Energy Charter Treaty

The Energy Charter Treaty (ECT) is a plurilateral investment agreement between 53 European and Central Asian countries. It was signed in 1994 and entered into force in April 1998.

About 30 countries around the world are at different stages of joining the ECT. Burundi, Eswatini (formerly Swaziland) and Mauritania are first in line, followed by Pakistan and Uganda.

The original objective of the ECT was to overcome the political and economic divisions between Eastern and Western Europe after the demise of the Soviet Union, as well as to strengthen Europe’s energy security. European countries wanted to secure the access to fossil fuel resources of the former Soviet countries by protecting foreign energy investments in these countries.

The ECT provides for an Investor State Dispute Settlement (ISDS) mechanism to resolve disputes between an investor and a member state. To this day, it is the world’s most widely used legal instrument for initiating ISDS arbitrations. It has been invoked by investors in 124 cases.

Critics argue that as with most other investment agreements, it places investors’ economic rights and interests over the social, ecological and economic interests of host states and their societies. The ECT imposes obligations on the host state but not on foreign investors. The ECT has also been condemned by environmental activists for protecting the fossil fuel industry and undermining serious climate action.

Spain has been subject to 45 arbitration disputes under the ECT after it implemented a series of energy reforms affecting the renewables sector, including a reduction in subsidies for producers. While some cases are still pending, Spain has already been ordered to pay over €800 million.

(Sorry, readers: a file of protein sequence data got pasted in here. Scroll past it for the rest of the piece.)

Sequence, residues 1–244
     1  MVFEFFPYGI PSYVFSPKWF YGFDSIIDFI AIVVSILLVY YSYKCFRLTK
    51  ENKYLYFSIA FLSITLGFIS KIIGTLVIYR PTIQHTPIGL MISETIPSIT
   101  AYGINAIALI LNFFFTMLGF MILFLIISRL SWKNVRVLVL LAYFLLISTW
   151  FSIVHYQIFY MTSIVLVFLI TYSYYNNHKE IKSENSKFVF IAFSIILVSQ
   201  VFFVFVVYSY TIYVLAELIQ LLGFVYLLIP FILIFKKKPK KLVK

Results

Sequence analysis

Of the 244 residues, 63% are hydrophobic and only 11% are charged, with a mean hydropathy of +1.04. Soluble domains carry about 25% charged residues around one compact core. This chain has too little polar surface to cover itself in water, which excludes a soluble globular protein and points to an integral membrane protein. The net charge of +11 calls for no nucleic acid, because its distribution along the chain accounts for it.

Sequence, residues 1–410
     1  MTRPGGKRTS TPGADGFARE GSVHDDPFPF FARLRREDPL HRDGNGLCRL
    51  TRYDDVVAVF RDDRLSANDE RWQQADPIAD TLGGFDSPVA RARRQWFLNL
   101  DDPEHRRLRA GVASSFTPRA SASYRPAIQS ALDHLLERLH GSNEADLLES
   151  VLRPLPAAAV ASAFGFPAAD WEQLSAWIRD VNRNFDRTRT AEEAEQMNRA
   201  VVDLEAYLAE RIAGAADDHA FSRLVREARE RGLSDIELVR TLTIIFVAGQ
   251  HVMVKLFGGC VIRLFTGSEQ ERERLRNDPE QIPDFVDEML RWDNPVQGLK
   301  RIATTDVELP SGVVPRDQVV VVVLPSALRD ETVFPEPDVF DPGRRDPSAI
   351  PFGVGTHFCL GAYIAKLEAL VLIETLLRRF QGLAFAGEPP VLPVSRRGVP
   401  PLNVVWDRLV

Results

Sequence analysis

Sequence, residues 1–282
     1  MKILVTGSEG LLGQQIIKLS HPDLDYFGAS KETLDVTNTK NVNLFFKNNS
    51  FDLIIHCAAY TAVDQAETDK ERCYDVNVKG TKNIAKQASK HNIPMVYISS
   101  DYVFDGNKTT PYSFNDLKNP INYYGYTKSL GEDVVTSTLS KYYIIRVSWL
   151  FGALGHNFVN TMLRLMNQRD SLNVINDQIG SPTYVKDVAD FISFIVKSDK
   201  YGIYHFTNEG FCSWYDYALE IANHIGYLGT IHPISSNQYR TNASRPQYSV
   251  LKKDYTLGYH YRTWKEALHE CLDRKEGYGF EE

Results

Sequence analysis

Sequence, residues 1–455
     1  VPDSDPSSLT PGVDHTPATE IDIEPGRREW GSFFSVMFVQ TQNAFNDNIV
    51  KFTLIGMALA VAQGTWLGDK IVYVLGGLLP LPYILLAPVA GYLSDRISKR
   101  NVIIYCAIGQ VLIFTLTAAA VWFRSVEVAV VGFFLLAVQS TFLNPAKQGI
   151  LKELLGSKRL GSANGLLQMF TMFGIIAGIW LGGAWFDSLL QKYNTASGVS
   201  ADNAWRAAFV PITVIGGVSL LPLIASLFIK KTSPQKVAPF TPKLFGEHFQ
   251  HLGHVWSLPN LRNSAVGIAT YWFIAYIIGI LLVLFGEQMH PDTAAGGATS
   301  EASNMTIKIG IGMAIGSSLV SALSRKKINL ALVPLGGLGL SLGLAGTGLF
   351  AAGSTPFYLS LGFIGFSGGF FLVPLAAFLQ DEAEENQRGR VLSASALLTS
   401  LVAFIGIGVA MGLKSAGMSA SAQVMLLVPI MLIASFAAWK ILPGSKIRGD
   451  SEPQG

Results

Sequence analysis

You can find out more about the Energy Charter Treaty on the ECT’s dirty secrets website.

Key cases include:

Vattenfall (Sweden) vs. Germany: In 2007 the Swedish energy corporation was granted a provisional permit to build a coal-fired power plant near the city of Hamburg. In an effort to protect the Elbe river from the waste waters dumped from the plant, environmental restrictions were added before the final approval of its construction. The investor initiated a dispute, arguing it would make the project unviable. The case was ultimately settled in 2011, with the city of Hamburg agreeing to the lowering of environmental standards.

Yukos (Isle of Man) vs. Russia: Yukos was a Russian oil and gas company. It was acquired from the Russian government during the controversial “loans for shares” auctions of the mid 1990s, whereby some of the largest state industrial assets were leased (in effect privatized) through auctions for money lent by commercial banks to the government. The auctions were rigged and lacked competition, and effectively became a form of selling for a very low price. In 2003, the Yukos CEO was arrested on charges of fraud and tax evasion and the following year Yukos’ assets were frozen or confiscated. In 2007 Yukos’ former shareholders filed a claim for over US$100 billion, seeking compensation for their expropriation. The dispute resulted in 2014 in the arbitrators awarding the majority shareholders over US$50 billion in damages. The investors have been trying to enforce the award in several countries since then.